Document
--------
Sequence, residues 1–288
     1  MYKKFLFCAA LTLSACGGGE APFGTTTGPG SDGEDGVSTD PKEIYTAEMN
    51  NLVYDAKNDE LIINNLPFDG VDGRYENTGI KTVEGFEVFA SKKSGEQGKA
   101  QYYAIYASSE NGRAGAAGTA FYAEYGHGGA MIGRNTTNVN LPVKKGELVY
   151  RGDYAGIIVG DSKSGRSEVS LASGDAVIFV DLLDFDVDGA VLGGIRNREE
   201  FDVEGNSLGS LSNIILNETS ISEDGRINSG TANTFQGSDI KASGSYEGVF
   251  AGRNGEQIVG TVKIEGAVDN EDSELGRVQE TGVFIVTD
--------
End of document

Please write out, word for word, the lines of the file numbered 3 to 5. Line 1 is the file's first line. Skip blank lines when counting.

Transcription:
    51  NLVYDAKNDE LIINNLPFDG VDGRYENTGI KTVEGFEVFA SKKSGEQGKA
   101  QYYAIYASSE NGRAGAAGTA FYAEYGHGGA MIGRNTTNVN LPVKKGELVY
   151  RGDYAGIIVG DSKSGRSEVS LASGDAVIFV DLLDFDVDGA VLGGIRNREE